ScienceDaily: Mind & Brain News

11 days ago


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ScienceDaily: Mind & Brain News


Curricular changes show success by fourth year
Millions on prescription sleeping pills would sleep through a fire alarm
How missing doctor's appointments increases the risk of death
Binge eating and smoking linked to bullying and sexual abuse
Kids: Connection to nature lessens distress, hyperactivity and behavioral problems
Better analysis of psychological flexibility
Parasites from patients with cerebral malaria stick preferentially in their brains
Scope advance reveals first look through all cortical layers of awake brain
Ultra-sturdy bones, with a surprising origin, suggest new osteoporosis approach


Curricular changes show success by fourth year



Posted: 11 Jan 2019 11:37 AM PST


In a four-year study, a group of science faculty finds that student buy-in to a new curriculum, and therefore satisfaction, increases with each successive undergraduate cohort -- and learning gains did not suffer. The researchers say the results of their longitudinal study should help encourage college faculty and administration to create, adapt, and support innovative courses for their students.


Millions on prescription sleeping pills would sleep through a fire alarm



Posted: 11 Jan 2019 08:28 AM PST


Widely prescribed 'benzodiazepine' sleeping pills suppress the sleeping brain's ability to wake us when it senses a threat. But an alternative class of hypnotics currently under development could allow users to rouse in the event of an earthquake, fire alarm or intruder, according to a new study.


How missing doctor's appointments increases the risk of death



Posted: 11 Jan 2019 08:28 AM PST


Missing GP appointments is associated with early death, and those with long-term mental health conditions are at particular risk. In the largest study of its kind, the team examined over 500,000 patients' appointment histories in Scotland, tracked for three years between 2013 and 2016. Patients with mental-health conditions had an eight times greater risk of death and those with physical conditions a threefold increase in all cause mortality.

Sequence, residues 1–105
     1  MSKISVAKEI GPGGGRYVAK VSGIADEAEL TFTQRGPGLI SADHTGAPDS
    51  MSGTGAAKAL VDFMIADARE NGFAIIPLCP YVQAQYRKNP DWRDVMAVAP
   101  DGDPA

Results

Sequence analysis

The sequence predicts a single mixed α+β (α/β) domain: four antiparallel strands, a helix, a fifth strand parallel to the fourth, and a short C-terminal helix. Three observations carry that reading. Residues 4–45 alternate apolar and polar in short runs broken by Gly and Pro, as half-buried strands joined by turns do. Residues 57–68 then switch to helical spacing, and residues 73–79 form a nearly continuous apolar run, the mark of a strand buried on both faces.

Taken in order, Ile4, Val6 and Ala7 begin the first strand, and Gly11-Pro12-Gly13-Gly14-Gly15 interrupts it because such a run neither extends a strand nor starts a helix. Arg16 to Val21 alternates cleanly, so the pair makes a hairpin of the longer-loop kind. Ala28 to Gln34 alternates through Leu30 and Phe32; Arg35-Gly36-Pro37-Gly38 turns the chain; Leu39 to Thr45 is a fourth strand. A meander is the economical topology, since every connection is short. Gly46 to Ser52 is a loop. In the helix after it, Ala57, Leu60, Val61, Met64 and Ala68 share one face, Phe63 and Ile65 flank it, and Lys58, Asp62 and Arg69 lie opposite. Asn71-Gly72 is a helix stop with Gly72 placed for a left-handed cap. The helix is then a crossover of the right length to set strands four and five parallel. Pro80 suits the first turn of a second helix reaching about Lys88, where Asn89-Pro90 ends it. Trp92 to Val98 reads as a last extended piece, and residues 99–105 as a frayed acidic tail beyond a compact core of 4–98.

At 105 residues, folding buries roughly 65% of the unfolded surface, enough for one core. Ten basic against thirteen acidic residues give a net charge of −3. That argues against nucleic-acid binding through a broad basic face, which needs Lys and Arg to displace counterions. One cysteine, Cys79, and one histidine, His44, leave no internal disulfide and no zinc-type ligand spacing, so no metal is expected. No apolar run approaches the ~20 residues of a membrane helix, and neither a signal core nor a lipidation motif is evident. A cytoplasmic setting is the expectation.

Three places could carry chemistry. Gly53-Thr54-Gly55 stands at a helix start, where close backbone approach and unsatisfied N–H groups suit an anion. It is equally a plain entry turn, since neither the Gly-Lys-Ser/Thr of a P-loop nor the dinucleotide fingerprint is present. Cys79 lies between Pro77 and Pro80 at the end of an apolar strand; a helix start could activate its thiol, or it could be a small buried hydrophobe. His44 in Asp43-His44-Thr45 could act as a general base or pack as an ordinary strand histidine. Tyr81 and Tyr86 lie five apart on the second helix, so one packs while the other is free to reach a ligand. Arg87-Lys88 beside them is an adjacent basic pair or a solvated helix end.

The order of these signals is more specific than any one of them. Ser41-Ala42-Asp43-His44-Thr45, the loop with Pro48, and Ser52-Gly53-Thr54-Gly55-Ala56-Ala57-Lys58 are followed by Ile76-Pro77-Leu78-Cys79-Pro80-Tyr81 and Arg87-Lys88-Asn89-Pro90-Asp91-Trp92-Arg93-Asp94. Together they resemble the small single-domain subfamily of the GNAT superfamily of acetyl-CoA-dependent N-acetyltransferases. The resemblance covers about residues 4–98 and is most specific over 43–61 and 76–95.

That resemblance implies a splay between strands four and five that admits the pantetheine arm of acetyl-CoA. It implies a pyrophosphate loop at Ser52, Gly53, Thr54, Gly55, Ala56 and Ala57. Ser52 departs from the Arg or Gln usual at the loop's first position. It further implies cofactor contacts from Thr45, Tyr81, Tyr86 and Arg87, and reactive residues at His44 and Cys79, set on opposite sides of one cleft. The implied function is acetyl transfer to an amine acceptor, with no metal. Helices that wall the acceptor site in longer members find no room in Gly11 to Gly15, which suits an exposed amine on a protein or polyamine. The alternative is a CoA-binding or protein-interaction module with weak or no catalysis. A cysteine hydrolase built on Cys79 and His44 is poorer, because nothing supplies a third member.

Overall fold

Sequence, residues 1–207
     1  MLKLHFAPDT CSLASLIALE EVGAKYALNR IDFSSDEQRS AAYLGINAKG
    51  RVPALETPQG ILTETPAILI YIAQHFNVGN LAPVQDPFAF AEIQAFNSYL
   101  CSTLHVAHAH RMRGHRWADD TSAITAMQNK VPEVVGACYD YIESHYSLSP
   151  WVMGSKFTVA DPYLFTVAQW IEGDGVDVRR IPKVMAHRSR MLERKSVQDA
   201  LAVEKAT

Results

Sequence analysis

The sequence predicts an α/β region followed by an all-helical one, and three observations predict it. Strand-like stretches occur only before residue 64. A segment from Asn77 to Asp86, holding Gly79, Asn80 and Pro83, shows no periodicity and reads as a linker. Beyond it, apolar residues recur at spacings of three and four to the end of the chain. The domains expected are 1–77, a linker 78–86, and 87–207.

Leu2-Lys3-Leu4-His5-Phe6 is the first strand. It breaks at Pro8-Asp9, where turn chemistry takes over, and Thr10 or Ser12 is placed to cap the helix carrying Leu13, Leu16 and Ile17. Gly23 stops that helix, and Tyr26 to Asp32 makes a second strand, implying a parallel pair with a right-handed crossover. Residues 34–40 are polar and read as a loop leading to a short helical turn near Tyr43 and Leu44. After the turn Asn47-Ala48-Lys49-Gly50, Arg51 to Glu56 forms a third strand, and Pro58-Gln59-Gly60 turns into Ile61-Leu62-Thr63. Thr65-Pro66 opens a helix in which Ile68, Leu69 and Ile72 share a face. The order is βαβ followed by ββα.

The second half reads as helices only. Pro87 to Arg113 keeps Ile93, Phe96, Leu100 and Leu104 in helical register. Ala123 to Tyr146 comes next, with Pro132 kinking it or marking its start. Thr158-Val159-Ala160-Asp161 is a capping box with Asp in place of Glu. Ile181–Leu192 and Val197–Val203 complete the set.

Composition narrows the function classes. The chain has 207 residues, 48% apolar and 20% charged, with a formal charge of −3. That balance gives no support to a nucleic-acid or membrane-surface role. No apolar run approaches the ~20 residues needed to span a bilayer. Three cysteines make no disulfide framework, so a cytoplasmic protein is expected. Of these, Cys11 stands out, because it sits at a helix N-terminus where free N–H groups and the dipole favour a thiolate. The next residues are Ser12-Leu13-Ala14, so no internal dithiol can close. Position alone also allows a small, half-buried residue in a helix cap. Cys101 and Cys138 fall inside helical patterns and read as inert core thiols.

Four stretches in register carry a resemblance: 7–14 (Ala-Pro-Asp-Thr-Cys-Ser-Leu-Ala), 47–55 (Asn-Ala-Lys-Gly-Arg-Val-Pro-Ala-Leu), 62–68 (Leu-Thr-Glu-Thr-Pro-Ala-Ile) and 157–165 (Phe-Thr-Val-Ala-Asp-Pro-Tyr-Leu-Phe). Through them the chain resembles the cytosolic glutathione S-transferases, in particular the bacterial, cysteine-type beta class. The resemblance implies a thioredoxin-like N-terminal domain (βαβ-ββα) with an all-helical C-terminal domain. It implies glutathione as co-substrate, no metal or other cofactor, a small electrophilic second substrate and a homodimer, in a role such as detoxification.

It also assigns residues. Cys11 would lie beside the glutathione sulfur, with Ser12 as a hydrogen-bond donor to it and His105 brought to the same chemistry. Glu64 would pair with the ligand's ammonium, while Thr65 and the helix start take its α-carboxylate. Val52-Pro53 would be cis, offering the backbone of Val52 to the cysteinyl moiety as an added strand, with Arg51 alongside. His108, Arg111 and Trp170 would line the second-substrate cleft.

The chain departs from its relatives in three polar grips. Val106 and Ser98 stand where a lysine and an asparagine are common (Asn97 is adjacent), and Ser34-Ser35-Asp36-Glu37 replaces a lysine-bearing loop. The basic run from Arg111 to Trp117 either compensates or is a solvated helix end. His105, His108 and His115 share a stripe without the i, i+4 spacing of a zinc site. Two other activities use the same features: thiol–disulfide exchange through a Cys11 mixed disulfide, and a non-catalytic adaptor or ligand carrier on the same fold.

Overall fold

Binge eating and smoking linked to bullying and sexual abuse



Posted: 11 Jan 2019 06:51 AM PST


People who ever suffered bullying or sexual abuse have a lower quality of life similar to those living with chronic conditions like heart disease, diabetes, depression or severe anxiety, a new study has found.


Kids: Connection to nature lessens distress, hyperactivity and behavioral problems



Posted: 11 Jan 2019 06:51 AM PST


A new 16-item parent questionnaire (CNI-PPC) to measure 'connectedness to nature' in very young children has been developed by Dr. Sobko and her collaborator Professor Gavin Brown, Director of the Quantitative Data Analysis and Research Unit at the University of Auckland. The results revealed that parents who saw their child had a closer connection with nature had less distress, less hyperactivity, and fewer behavioral and emotional difficulties, and improved pro-social behavior.


Better analysis of psychological flexibility



Posted: 11 Jan 2019 06:51 AM PST


New research has for the first time analyzed degrees of psychological flexibility and identified three distinct classes.


Parasites from patients with cerebral malaria stick preferentially in their brains



Posted: 11 Jan 2019 06:51 AM PST


Scientists have provided, for the first time, evidence which links the ability of red blood cells infected with the malaria parasite to bind to the cells lining the blood vessels of the brain, with the clinical syndrome cerebral malaria.


Scope advance reveals first look through all cortical layers of awake brain



Posted: 11 Jan 2019 06:09 AM PST


Improvements in three-photon microscopy have allowed scientists to see activity in all layers of the visual cortex and the 'subplate' below.


Ultra-sturdy bones, with a surprising origin, suggest new osteoporosis approach



Posted: 11 Jan 2019 06:09 AM PST


A handful of brain cells deep in the brain may play a surprising role in controlling women's bone density, according to new research. Researchers showed that blocking a particular set of signals from these cells causes female (but not male) mice to build extraordinarily strong bones and maintain them into old age, raising hopes for new approaches to preventing or treating osteoporosis in older women.
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